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Burma’s long sidelined opposition leader Aung San Suu Kyi is “welcome” to join the country’s legislative body should she choose, parliament chief Khin Aung Myint said in a surprising announcement yesterday.
It comes after decades of attempts by the regime in Burma to keep the Nobel laureate away from the policy-making arena – commanding widespread support and influence over large sectors of Burma’s population, Suu Kyi is seen as the key threat to the government’s grip on power.
Yet Khin Aung Myint’s announcement is the latest in a series of signals that suggest Naypyidaw may be moving towards opening up to the political opposition, and follows a meeting last month between Suu Kyi and President Thein Sein, the first time the two have met.
In an interview yesterday with Radio Free Asia, Khin Aung Myint acknowledged the reverence with which the 66-year-old was held among Burmese, particularly in light of her father’s pivotal role in gaining Burma independence from Britain.
“She is the daughter of General Aung San whom we all love. She is welcome if she joins the parliament.”
Given that opposition manoeuvring is often effectively criminalised in Burma, however, Suu Kyi’s position, and that of her National League for Democracy (NLD) party, remains tenuous.
Nyo Ohn Myint, from the NLD-Liberated Area wing of the party, said that Khin Aung Myint’s comment was “strange” given his reputation for being a hardline official.
“I’m not very positive that there will be action [following the announcement],” he said. “It sounds like the regime is trying to improve its image.”
Khin Aung Myint had been a media contact for the former junta before he was elected to parliament chief when the new government came to power in March this year. Nyo Ohn Myint said that while Suu Kyi may indeed be able to join the parliament, it’s highly unlikely she will hold a cabinet position and therefore would be out of any decision-making circles.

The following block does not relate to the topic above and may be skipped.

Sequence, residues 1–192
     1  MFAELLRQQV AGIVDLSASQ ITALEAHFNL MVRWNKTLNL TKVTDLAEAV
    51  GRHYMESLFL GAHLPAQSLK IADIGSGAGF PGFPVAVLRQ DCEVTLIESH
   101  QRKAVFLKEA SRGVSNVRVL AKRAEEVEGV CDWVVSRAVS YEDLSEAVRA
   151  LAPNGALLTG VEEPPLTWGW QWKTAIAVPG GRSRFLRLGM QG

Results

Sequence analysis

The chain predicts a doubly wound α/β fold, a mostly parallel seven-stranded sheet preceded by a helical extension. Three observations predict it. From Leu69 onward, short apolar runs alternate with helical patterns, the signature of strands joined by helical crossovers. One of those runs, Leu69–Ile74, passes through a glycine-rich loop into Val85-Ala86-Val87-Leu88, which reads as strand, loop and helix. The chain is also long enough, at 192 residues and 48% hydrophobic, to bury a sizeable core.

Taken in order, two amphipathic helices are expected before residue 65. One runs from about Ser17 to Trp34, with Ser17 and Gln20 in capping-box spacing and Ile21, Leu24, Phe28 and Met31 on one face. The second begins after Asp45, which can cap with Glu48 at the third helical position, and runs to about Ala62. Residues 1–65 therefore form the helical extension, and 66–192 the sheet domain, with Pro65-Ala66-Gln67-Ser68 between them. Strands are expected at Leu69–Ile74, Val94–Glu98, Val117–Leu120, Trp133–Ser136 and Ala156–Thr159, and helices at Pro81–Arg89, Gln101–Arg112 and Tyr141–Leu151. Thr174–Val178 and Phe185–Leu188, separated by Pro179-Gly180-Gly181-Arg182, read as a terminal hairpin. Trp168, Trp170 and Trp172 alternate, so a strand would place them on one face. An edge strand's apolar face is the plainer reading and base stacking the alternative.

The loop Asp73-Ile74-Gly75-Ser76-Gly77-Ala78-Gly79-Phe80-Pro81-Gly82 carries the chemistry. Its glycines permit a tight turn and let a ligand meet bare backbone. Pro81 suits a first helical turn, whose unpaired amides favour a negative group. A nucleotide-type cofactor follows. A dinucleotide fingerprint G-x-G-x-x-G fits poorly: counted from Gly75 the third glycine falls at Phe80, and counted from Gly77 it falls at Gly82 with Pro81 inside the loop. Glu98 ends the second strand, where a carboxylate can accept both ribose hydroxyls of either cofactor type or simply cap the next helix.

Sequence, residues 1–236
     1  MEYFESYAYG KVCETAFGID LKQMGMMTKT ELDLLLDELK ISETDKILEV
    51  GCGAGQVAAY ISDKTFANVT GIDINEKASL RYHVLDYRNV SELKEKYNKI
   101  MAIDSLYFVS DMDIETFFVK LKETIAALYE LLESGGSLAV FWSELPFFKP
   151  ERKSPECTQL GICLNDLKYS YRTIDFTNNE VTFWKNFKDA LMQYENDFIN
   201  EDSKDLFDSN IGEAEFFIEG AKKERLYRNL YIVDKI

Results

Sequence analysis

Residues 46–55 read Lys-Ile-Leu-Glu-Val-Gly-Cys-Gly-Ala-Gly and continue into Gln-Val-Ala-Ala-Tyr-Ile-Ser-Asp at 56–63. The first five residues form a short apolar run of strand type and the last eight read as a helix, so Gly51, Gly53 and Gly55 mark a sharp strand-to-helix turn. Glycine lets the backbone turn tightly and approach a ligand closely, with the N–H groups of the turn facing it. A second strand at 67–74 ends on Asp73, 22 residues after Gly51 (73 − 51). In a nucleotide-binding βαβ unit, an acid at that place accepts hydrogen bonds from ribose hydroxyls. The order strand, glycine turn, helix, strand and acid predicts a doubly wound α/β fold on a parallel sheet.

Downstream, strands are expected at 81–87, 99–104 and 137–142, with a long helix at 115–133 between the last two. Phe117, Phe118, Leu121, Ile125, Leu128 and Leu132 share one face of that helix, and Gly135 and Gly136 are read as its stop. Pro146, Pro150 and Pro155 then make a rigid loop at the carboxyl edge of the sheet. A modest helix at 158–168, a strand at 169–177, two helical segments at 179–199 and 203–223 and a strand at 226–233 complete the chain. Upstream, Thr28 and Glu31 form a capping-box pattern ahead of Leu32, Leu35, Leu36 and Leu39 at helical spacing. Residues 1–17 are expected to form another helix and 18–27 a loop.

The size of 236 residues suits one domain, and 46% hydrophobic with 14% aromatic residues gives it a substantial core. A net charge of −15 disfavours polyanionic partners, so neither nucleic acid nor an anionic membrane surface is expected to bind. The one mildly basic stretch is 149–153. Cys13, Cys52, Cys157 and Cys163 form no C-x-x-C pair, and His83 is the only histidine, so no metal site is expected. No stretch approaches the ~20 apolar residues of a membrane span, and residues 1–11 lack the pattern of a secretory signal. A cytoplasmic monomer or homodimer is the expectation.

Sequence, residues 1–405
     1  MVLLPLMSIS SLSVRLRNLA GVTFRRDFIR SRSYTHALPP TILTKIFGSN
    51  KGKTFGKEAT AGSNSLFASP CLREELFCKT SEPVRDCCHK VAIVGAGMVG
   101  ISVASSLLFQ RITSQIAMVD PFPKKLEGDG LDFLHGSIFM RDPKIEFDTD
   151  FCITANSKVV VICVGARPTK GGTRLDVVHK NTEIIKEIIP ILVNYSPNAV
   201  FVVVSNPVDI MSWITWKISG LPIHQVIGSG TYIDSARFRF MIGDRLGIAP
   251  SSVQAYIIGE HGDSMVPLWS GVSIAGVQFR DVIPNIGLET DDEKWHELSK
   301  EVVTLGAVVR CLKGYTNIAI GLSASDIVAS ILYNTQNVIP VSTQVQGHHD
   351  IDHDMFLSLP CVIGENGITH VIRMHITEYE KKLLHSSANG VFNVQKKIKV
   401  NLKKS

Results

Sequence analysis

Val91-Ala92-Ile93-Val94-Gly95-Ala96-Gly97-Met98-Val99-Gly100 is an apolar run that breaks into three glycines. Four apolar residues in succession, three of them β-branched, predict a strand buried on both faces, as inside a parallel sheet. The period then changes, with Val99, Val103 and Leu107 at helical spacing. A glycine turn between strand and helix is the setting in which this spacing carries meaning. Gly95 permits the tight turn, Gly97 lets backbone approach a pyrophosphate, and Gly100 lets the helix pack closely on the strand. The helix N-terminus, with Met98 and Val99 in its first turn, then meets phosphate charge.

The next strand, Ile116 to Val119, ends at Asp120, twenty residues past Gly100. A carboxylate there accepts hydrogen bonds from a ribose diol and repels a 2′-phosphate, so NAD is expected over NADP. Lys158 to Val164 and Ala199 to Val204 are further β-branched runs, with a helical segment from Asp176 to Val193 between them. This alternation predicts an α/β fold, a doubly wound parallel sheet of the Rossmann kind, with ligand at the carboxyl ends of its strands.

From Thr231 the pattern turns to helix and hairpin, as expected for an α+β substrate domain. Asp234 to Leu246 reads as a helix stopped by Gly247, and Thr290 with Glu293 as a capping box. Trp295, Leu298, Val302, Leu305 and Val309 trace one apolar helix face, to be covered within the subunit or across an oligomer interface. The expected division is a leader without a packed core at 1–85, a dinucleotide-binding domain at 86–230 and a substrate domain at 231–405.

Burmese academic and activist Maung Zarni is similarly sceptical. “I feel deeply distrustful of the generals and ex-generals playing nice with Aung San Suu Kyi while they are launching military campaigns in Shan, Kachin, and Karen areas,” he said, in reference to the government’s attempts to rout ethnic armies.
“If they are serious about reconciliation in the country the first thing that needs to be done is to let Daw Aung San Suu Kyi help kick off and facilitate country-wide dialogue.”
But in light of the government’s historical refusal to listen to the opposition leader, Zarni said: “I don’t really see what political gains Daw Suu can reap in terms of her attempts to promote common good for the public”
The government is due to hold a by-election in November to fill seats left vacant in the parliament. Nyo Ohn Myint said however that Suu Kyi, who was refused a role in the elections last year, would likely choose not to compete in the coming polls.
“I don’t think she would be willing to contest the by-election,” he said, given that she knows the uncompromising nature of the government.
Despite this, Suu Kyi claimed yesterday that President Thein Sein, who was prime minister under the former junta, is ”committed to reform”, and that the “way is open for positive change”, a radical departure from her previous hardline stance.
Note: This article was altered at 5pm on 21/09/2011 to correct a statement from Nyo Ohn Myint that was misquoted